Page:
BOGOTA (Reuters) – Colombia’s central bank will have to front load interest rate hikes in the first half of this year in order to get a grip on inflation and maintain its hard-won credibility, the International Monetary Fund (IMF) said on Tuesday.
The Andean country’s economy grew 10.6% last year, beating expectations, as the entertainment, retail and manufacturing sectors soared, the government’s DANE statistics agency reported earlier on Tuesday.
However, pressures amid supply-chain issues mean Colombia’s central bank will need to act quickly in the first half of this year to anchor inflation expectations and insure against upside inflation risks, said Hamid Faruqee, head of the IMF’s Colombia mission.
“Controlling inflation … poses a challenge to Colombia’s central bank, a challenge that we see in other countries as well, including the United States,” Faruqee said during a virtual press conference.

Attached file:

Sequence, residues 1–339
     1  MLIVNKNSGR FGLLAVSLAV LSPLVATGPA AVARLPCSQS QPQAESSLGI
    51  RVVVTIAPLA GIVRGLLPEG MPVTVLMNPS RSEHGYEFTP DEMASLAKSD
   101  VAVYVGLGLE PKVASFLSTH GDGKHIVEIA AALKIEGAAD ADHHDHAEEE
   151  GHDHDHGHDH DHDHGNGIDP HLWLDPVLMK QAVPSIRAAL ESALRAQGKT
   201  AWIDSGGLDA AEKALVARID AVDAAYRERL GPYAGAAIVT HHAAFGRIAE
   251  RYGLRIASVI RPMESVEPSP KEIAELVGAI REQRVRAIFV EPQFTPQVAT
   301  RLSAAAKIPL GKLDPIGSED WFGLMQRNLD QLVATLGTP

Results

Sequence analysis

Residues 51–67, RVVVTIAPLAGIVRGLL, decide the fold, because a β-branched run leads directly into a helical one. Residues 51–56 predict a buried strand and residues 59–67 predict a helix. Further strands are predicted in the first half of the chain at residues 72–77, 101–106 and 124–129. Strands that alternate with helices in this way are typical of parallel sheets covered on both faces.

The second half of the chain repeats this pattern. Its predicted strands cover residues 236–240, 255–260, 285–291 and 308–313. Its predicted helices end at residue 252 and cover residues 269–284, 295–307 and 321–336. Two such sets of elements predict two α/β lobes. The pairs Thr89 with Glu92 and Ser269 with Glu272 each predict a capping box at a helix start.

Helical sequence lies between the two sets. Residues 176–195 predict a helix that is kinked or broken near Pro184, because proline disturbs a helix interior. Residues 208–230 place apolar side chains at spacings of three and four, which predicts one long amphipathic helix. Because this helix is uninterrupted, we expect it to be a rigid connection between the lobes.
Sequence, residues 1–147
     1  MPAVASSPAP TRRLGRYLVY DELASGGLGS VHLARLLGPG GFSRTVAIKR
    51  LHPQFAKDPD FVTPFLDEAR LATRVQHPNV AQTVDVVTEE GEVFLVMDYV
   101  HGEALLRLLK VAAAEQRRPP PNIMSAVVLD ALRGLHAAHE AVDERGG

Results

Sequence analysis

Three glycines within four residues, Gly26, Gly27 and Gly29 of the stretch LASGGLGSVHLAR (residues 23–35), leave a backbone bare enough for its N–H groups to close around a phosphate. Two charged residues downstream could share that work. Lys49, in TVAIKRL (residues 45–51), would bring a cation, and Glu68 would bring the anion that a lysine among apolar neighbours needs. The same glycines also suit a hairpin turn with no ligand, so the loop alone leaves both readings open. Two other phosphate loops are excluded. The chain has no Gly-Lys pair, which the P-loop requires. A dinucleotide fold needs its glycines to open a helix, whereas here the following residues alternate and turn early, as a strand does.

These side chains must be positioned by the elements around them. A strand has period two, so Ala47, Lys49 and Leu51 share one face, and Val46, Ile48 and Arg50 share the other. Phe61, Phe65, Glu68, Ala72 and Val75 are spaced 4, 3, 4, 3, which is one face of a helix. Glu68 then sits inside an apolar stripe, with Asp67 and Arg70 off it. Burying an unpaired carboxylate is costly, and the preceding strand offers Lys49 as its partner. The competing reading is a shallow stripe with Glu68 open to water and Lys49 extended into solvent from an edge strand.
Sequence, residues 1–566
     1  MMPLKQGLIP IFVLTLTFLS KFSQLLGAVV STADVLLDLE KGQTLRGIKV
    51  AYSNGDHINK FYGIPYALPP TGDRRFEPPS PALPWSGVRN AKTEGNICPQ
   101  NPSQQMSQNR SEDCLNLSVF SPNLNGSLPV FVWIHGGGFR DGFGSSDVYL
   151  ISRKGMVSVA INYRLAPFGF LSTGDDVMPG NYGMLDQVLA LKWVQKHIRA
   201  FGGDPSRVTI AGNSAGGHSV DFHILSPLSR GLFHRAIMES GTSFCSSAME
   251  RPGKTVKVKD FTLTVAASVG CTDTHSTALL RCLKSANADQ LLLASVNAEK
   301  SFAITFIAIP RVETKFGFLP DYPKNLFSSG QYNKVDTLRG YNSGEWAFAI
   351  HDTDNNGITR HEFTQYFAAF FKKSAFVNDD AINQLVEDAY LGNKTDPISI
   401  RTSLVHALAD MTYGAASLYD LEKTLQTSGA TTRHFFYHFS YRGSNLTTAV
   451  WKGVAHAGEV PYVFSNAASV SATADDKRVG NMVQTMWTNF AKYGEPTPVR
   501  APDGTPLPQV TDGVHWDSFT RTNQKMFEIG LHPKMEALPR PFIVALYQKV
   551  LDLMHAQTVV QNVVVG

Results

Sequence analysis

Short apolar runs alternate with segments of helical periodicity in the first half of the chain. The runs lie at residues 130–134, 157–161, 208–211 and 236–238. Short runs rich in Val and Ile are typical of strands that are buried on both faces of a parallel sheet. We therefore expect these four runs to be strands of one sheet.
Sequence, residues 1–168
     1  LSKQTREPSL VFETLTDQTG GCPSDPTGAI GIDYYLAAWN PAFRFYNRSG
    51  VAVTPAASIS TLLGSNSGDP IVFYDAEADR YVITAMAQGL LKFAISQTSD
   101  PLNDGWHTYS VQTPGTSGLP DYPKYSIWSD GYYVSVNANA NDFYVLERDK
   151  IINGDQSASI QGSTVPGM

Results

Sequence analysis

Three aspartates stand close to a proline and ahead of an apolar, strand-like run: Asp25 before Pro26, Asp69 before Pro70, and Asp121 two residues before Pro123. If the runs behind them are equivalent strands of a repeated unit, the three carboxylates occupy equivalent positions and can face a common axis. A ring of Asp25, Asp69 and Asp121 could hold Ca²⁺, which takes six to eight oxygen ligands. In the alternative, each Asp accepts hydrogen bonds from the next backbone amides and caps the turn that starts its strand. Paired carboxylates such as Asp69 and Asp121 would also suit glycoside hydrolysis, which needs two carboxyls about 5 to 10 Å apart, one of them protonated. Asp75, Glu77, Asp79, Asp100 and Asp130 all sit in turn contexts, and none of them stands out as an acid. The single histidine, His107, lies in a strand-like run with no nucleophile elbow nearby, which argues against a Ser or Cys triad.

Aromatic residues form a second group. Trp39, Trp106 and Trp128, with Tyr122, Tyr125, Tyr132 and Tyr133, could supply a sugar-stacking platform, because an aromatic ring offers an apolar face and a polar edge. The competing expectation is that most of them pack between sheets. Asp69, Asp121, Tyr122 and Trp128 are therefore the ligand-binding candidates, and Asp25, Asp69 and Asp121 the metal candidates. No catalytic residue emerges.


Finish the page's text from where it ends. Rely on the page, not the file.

Colombia’s inflation came in at 5.62% in 2021, its highest in five years, while 12-month inflation in January hit 6.94%, more than double the central bank’s target of 3%.
“For Colombia we see the need for additional interest rate hikes, front loaded in the first half of this year and broadly speaking we’re seeing markets have similar expectations shifting in that direction for some other major central banks,” Faruqee added.
While the IMF forecasts Colombia’s economic growth at 4.5% this year – with help expected to come from consumption, investment and exports – the multilateral organization will revise its outlook following DANE’s report, Faruqee added.
“We won’t know the final numbers yet until we reexamine our forecast,” he said. “Obviously we’ll make some adjustments as we look at the DANE release today.”
(Reporting by Oliver Griffin and Nelson Bocanegra; Editing by Sam Holmes)